Gustav Metzger was a Polish-Jewish artist who was born in a Nuremberg a Nazi war camp. His voice spoke against privilege and the cultural cynicism that is created by the autocratic facets of the modern art world.
He was the creator or auto-destructive art which was not built to last - "whereby works made using machine-manufactured substances would automatically degrade, foregrounding the question of the reliability of these substances and society’s preoccupation with destruction." Sometimes it was even built in public locations (street art) on sheets that would dissolve in 30 minutes.
This type of art inspires younger artists and that is how a legacy is created - His auto-destructive art message was followed by the Who’s Pete Townshend, a student of Metzger’s, who put it in to practice by trashing guitars.
It can all be traced back to Metzger’s childhood: “When I saw the Nazis march, I saw machine-like people and the power of the Nazi state. Auto-destructive art is to do with rejecting power.”

Everyone has different methods of dealing with difficult times some people find comfort in each other, other prefer to shy away and find solace and others like to surround themselves with information and phenomena that distract them or stimulate thoughts so they can keep objective. The laws of perpetual motion state that two contrary opinions as long as they are not totally opposing can actually assist in the progression and propagate a constant motion. Think of two springs, such as in the workings of a clock, as one tightens it loosens the and vice versa they can't work without one another, this is a pretty lame effort at trying to rationalize pain, destruction and war. We have to find a way to have a voice no matter how abstract on all the effects of inertia especially the events that leave a scar.

"Dreaming, after all, is a form of planning." & "Once we give up searching for approval we often find it easier to earn respect." Gloria Steinem

Entertaining the Representation of Women


I remember a time when I really loved to hate "Sex in the City" the T.V series and this is when I was watching it with a boyfriend. The wonderful lives of the main characters who all but two, did little to show us how they actually earned their money to spend on free time, clothes namely, Manolo Blahnik's and fancy meals with friends. These paragons of civil society seemed to do more harm than justice to my tender and not fully developed brain. Their ability to seem quintessentially two dimensional and picture perfect seemed to have the ability to make my blood boil and bring out a fearful, cowering side of me that still got around on all fours. The risk-taking part of my mind was heavily effected by the illusion they created and YES in other words it got my back-up. I think the overt sexual attractiveness and impeccable fashion sense of these young, voracious and virile women living in New York City, a thriving social metropolis where we get the impression that life is served up on a silver platter and everyone has the chutzpah to go out there and get what they want, FRUSTRATED me. This was probably because at the time, I was just beginning to learn the ropes in life and break down dominant paradigms that may have influenced my thinking. However this is not the reality of life in New York City I was being influenced by entertaining myths that we choose to believe due to the representation of New York City and it's inhabitants in the shows we watch.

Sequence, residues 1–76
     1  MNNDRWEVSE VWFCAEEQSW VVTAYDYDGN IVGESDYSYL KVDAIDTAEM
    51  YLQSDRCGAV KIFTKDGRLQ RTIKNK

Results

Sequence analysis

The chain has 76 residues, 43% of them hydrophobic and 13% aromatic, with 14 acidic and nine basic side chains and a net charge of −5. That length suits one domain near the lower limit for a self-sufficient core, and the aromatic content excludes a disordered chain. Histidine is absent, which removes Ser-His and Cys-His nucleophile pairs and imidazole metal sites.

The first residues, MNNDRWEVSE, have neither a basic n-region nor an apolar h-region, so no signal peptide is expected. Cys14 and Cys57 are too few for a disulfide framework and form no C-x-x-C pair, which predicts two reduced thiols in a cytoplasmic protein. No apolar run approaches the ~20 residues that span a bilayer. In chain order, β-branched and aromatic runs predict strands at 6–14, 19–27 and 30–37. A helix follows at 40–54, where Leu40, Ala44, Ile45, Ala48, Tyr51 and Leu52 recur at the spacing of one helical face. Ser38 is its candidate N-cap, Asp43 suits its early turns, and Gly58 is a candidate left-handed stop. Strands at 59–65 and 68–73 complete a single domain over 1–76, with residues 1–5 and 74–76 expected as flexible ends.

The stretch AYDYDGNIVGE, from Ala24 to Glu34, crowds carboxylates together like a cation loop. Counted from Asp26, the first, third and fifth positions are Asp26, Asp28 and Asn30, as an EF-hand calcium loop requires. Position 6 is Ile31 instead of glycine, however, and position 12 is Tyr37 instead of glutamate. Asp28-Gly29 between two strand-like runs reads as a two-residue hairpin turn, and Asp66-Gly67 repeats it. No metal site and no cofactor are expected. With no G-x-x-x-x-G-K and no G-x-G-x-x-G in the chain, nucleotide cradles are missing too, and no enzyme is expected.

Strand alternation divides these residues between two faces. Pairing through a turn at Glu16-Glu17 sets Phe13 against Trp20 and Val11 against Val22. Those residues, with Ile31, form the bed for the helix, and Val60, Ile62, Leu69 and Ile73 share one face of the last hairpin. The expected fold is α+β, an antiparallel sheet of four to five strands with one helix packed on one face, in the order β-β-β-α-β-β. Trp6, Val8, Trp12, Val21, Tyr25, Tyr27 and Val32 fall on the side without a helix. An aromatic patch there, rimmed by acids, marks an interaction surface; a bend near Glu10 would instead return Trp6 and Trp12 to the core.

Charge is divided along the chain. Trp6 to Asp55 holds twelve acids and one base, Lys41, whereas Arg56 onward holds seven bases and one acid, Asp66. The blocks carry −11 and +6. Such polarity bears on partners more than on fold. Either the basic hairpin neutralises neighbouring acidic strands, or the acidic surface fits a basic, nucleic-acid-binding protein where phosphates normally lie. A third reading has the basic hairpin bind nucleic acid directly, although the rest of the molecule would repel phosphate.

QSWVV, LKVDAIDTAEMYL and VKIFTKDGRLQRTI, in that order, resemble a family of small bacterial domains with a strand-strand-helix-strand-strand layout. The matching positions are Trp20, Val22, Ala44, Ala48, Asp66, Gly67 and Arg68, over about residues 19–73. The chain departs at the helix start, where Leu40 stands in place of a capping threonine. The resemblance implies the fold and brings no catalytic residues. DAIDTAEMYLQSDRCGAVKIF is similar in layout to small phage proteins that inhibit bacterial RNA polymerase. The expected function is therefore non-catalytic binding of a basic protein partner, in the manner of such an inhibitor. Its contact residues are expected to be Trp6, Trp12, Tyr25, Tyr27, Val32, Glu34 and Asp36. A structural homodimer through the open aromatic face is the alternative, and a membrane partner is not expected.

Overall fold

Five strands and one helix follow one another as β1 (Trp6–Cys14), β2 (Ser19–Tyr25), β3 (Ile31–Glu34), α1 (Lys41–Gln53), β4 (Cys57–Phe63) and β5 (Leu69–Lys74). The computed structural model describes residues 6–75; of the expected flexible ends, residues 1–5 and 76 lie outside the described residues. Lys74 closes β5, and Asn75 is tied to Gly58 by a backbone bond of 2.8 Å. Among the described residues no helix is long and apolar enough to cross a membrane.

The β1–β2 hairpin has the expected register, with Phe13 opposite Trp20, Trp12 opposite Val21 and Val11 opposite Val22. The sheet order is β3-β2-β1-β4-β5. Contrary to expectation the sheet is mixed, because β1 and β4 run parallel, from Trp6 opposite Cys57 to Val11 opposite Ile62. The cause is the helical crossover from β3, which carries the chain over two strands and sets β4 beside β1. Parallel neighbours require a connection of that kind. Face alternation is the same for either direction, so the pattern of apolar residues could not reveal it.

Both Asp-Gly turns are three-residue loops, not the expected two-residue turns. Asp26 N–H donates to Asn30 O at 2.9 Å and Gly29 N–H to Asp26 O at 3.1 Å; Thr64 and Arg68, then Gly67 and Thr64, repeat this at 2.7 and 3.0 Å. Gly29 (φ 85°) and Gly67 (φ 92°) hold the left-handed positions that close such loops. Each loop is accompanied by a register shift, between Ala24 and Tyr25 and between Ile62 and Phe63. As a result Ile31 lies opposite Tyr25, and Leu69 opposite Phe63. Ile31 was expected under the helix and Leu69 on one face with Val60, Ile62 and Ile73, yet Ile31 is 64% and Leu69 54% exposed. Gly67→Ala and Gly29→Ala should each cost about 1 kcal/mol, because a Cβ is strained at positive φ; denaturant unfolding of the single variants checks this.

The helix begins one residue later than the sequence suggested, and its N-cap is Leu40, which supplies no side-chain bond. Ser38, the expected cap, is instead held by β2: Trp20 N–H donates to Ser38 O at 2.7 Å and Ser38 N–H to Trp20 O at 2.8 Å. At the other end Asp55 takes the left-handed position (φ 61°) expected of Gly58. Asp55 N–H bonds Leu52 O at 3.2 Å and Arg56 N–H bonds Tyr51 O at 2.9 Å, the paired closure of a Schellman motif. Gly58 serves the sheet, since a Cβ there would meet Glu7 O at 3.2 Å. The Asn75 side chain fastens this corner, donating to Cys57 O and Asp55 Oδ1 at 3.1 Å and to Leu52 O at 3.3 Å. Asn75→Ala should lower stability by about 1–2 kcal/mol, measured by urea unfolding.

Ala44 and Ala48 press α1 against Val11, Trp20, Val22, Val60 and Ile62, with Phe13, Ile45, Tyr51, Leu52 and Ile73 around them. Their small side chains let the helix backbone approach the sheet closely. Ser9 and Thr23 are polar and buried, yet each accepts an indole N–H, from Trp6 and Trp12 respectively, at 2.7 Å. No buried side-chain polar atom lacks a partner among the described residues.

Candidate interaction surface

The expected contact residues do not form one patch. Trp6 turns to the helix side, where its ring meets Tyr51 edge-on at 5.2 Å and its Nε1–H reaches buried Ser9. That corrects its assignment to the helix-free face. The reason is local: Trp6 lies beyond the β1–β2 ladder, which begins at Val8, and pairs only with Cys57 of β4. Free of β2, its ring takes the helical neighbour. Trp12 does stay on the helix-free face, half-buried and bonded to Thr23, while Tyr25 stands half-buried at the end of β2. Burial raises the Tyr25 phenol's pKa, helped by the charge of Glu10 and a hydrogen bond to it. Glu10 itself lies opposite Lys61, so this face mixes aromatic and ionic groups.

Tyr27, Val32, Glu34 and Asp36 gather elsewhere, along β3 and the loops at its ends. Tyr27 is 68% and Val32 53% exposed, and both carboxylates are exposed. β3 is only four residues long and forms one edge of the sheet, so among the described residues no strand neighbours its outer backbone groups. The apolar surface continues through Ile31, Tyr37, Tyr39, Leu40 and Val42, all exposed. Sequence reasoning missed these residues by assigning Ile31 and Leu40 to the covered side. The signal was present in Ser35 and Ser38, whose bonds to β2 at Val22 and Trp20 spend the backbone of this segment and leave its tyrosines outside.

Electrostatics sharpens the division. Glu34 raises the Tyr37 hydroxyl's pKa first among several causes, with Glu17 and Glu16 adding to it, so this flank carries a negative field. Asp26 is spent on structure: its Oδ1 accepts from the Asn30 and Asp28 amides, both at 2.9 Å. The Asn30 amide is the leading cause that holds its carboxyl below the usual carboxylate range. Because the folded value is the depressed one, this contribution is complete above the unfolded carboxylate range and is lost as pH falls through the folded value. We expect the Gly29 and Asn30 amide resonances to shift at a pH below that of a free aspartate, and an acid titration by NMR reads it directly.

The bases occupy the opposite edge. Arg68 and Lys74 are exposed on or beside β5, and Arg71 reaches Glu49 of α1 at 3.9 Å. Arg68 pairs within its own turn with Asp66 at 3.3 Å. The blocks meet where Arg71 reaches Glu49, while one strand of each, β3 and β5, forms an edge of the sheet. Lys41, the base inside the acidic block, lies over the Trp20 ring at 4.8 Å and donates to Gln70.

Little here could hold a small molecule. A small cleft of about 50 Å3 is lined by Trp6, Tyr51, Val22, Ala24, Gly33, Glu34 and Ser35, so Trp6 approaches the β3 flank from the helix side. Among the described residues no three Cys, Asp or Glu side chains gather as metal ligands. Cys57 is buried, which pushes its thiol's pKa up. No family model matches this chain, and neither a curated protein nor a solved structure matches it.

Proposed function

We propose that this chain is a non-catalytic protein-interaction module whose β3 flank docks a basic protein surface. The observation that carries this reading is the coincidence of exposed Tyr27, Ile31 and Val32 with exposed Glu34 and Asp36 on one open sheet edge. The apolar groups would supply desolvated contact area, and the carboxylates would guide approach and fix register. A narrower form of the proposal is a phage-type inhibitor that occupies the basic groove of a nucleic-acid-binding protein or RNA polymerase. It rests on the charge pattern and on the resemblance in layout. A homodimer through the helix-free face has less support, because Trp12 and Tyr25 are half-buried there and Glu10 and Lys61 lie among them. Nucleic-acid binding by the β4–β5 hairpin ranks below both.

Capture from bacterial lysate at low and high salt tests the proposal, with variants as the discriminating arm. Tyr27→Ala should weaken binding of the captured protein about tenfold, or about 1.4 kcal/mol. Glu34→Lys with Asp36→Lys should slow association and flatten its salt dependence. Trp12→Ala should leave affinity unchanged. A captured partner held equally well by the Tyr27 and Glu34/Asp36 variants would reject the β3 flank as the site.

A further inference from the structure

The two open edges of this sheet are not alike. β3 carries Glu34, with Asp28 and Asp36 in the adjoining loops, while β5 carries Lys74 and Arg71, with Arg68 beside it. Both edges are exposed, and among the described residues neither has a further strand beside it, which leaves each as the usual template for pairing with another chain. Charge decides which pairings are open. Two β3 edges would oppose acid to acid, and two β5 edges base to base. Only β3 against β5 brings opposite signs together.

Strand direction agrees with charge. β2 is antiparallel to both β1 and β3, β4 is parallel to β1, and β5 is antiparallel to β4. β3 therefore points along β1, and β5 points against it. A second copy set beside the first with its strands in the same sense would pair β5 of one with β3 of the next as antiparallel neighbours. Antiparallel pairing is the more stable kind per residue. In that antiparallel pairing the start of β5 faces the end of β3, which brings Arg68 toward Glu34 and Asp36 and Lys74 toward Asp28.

Not all entertainment is art and not all art is entertaining so it seems.

Light hearted chatter and superficial "small-talk" can be seen as more entertaining as it doesn't delve into people's deeper emotions and allows people to join in the surface level conversations creating for a more socially advantageous situation. This clearly presents an opportunity for us to see where the differences between entertainment and art transpires.

Having 1980's comic strip illustrator Alison Bechdel's feminist film theory emerge colloquially known as the Bechdel Test in order to dichotomize films into categories that pass the three point test or that fail it. We find that there is a long list of films that fail miserably. The three aspects that enable a film to pass this feminist frolic into methodology, include that a film needs to have at least 2 named female characters, that talk to each other about something other than a man.

Although in more recent years the films that do pass this "touchstone" indicator present themselves to be grossing more money at the box-office than those that don't. So have we evolved across humanity to want to see more multidimensional female characters representing the woman in film? It seems so. Alison Bechdel herself says although the T.V series "Sex in the City" may not have passed the Bechdel Test through and through she is still a big fan of the show. Saying this the Sex in the City 2 movie does pass the test and that must be because they made a conscious effort to ensure the script did tick all the relevant boxes.